Paying for the Bay
At their January 2005 meeting at Mount Vernon, Virginia, the Chesapeake Executive Council - composed of the governors of the Bay states, the Mayor of the District of Columbia, the Chair of the Chesapeake Bay Commission, and the Administrator of the U.S. EPA - formally accepted the report of a Blue Ribbon Finance Panel charged with recommending ways to pay for the Bay restoration effort.
The Executive Council directed a committee of experts to determine, by July 1, 2005, the best course of action for enacting the Panel's primary recommendation: the establishment of a watershedwide Chesapeake Bay Financing Authority. According to the Panel, chaired by former Virginia governor Gerald L. Baliles, a properly designed Financing Authority would receive funds from both federal and state sources and would direct those funds strategically to the Bay's most pressing problems, regardless of geography or political boundaries.
In the Chairman's Summary, Baliles argued that the Panel believes that "restoring the Chesapeake Bay and its watershed depends on a strong regional financing mechanism aimed at coordinated funding and implementation of concrete clean-up plans, built on the state's Tributary Strategies and based on coordinated timing and performance." He goes on to say, "Time is of the essence and we urge immediate action."
The Panel recommended that the Financing Authority be capitalized by both federal and state sources at a total of $15 billion by 2010. These funds would be provided in an 80 to 20 percent federal/state ratio, in keeping with State Revolving Funds (SRFs) around the country. Only 30 percent would be used as grants, and the remaining 70 percent would be provided as loans to be paid back to the Financing Authority, helping to make it self-sustaining.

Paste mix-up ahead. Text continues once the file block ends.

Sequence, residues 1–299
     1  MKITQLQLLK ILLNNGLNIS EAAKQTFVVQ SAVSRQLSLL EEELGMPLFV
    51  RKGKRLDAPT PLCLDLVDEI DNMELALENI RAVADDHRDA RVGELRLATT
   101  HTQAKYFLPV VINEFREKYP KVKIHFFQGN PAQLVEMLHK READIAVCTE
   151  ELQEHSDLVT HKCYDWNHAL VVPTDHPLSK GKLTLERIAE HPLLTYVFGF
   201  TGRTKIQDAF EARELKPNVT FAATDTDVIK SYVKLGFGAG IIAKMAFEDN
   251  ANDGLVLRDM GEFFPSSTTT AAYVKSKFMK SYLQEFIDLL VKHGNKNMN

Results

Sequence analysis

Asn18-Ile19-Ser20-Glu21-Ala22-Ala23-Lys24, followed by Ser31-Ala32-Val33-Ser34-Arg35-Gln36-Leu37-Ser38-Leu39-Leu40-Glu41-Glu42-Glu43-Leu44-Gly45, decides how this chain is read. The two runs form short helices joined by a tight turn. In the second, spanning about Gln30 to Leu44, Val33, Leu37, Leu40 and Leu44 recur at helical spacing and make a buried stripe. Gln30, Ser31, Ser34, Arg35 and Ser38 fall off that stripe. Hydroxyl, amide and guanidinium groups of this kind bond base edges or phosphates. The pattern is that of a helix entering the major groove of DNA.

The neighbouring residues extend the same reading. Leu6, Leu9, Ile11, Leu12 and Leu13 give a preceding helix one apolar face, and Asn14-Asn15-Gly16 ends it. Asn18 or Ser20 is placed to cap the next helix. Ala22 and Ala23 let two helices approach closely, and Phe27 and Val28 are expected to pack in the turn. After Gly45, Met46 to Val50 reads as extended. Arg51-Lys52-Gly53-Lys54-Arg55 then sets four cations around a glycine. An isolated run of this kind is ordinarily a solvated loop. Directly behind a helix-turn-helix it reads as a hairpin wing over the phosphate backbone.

The popular press has reported frequently during the past two years on the slow progress made by the multi-state/federal effort launched in 1983 to stem the flow of pollutants into the Chesapeake. The Blue Ribbon Panel made clear that a primary reason for this delay was a lack of adequate funding, which is realistically in the billions of dollars, far above anything committed to date. They also noted other factors, including the need for better coordination, and the need to enforce existing environmental laws.
The Chesapeake Bay Program awarded two grants to the Maryland Sea Grant College and the University of Maryland Environmental Finance Center (EFC) to help staff the Panel and its subcommittees, and to help produce meeting summaries and the final report. In particular, Maryland Sea Grant (Jack Greer) and the EFC (Dan Nees and Michelle O'Herron) helped with the collection and shaping of background materials, meeting facilitation, and the design and production of the final report. The EFC will continue to help provide information about the Blue Ribbon Panel and to explore mechanisms for financing the Bay restoration effort.